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Troubleshooting: Building a Driver (Windows CE 5.0)

Windows CE 5.0
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The following table shows descriptions and resolutions of problems you may encounter while building your driver.

DescriptionResolution
The build cannot find files you expected it to include.Ensure that the paths to the files are specified with the INCLUDES macro in the sources file.
The C_DEFINES and RCOPTIONS macros in your sources file are not working.Use the CDEFINES and RDEFINES macros instead. The C_DEFINES and RCOPTIONS macros are only appropriate on a Windows-based desktop platform.
You cannot compile Miniport.rc because the build cannot find Windows.h.Add the Windows.h file location to the RDEFINES macro in the sources file.
Your object files are not building.Check the arguments you are passing to the build utilities. Ensure that you did not accidentally pass an empty argument when using a switch.
The build cannot find a static library or you receive an error compiling your .def file because it cannot find Deffile.inc.Do not copy files to the location that the build utility is searching. Instead, run the Master Build tool (Cebuild.bat) from %_WINCEROOT% with the proper build environment settings. Running Cebuild.bat with the proper build environment settings generates the proper library and include directories for your build environment. Run Cebuild.bat from %_WINCEROOT% for every build configuration that you use to build your driver. For more information on Cebuild.bat, see Master Build Tool.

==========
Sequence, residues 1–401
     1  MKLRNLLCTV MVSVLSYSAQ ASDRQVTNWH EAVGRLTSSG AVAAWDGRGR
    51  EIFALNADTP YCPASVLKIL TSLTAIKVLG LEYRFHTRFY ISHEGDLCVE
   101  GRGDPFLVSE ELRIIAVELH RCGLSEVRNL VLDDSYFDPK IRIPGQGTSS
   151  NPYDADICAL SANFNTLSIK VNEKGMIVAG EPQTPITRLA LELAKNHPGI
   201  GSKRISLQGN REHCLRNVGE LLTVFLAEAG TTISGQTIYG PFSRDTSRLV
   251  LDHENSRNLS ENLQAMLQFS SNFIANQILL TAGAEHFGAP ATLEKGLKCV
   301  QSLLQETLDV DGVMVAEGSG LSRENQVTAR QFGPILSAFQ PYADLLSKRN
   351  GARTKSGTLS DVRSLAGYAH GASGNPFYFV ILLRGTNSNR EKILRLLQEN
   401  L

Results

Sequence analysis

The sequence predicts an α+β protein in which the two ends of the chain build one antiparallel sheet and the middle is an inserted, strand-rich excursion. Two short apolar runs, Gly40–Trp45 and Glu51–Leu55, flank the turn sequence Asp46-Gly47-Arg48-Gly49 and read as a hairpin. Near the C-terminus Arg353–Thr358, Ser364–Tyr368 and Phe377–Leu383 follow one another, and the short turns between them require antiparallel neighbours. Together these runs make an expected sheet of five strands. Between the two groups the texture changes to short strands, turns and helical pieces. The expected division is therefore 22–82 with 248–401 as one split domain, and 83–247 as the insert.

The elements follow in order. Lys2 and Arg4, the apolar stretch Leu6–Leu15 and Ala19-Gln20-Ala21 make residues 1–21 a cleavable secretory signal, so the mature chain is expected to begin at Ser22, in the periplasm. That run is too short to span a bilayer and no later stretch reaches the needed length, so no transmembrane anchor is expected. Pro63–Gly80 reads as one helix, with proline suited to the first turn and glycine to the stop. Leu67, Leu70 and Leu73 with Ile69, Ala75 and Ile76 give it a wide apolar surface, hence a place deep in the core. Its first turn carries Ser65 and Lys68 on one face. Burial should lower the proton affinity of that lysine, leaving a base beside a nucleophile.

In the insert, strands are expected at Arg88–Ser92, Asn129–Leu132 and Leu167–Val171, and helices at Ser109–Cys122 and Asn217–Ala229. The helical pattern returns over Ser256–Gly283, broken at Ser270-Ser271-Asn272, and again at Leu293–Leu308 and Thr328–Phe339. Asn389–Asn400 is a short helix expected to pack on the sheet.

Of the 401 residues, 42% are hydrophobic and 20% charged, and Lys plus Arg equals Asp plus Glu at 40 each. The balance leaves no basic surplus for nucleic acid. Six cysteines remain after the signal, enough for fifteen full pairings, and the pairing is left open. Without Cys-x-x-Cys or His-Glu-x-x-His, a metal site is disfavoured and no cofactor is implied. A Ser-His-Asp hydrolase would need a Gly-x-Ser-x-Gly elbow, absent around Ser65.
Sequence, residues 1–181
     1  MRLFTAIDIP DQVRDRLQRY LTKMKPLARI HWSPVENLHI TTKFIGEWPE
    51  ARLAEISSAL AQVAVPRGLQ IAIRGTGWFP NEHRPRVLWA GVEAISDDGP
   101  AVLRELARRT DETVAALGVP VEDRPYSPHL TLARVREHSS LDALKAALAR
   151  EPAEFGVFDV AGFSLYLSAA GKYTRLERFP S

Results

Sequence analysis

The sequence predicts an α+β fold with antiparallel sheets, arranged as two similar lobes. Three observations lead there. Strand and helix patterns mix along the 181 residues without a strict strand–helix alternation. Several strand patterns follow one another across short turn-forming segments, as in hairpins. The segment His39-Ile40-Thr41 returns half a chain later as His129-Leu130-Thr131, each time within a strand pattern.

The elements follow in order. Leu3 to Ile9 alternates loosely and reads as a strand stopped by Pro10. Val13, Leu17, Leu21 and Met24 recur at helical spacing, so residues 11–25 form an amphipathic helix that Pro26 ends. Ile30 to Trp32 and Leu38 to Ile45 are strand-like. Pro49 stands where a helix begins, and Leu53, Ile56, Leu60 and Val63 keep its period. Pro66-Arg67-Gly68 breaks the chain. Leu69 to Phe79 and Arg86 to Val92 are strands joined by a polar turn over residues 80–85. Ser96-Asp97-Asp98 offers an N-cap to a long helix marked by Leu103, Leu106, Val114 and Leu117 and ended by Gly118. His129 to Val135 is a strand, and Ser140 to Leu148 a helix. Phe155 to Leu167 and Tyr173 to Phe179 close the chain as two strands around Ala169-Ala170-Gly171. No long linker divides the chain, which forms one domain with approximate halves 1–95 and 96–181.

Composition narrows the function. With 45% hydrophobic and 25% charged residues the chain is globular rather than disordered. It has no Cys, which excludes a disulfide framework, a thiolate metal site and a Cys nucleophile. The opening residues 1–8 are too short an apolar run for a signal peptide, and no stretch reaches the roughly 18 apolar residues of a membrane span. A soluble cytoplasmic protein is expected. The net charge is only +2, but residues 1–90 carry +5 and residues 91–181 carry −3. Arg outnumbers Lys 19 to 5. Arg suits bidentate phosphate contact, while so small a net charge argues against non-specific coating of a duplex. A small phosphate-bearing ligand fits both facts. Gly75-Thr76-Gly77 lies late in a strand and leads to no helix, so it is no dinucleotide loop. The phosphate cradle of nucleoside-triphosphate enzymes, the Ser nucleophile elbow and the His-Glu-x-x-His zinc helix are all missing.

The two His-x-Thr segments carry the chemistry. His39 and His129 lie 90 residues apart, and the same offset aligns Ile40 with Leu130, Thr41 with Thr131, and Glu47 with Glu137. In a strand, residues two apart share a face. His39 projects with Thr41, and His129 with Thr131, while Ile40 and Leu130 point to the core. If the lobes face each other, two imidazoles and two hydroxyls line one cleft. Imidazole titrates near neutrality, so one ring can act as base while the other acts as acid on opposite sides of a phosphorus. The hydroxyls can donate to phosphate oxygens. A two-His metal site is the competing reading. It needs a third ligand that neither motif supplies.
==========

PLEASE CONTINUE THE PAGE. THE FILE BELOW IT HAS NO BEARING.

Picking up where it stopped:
You do not have a proper build environment for your driver.Create a project. Then, from the Build menu, choose Open Build Release Directory. This opens a command-line interface with the correct environment variables. You can then navigate to the directory where your driver resides, and then run the Build tool (Build.exe). For more information on Build.exe, see Build Tool.
You do not want to use a project.Use the Windows CE Build Environment tool (Wince.bat). For more information on Wince.bat, see Windows CE Build Environment Tool.
You want to put your driver into the %_FLATRELEASEDIR% directory of your project.From the command line, type set WINCEREL=1. The build utility will move your driver to the %_FLATRELEASEDIR% directory. If it is a debug build, the .dll, .pdb, and .map files move to the %_FLATRELEASEDIR% directory as well.
You want to change your %_FLATRELEASEDIR% environment variable.Type set _FLATRELEASEDIR=MyFlatReleaseDir. MyFlatReleaseDir is a placeholder for the flat release directory you choose. For more information on changing environment variables, see SET (Command Processor).
The compiler behaves as if some structures and macros in header files do not exist, even though they do.Ensure that WINCEOEM=1 is in your sources file. This is often set in a Sources.cmn file so you may run into this issue if you copy a driver from the Public directory and try to build it in another location.
Sources files with NMAKE conditionals in them do not build properly.NMAKE understands conditionals, but Build.exe does not. Do not use conditionals in your sources files.

See Also

Troubleshooting a Device Driver | How-to Topics


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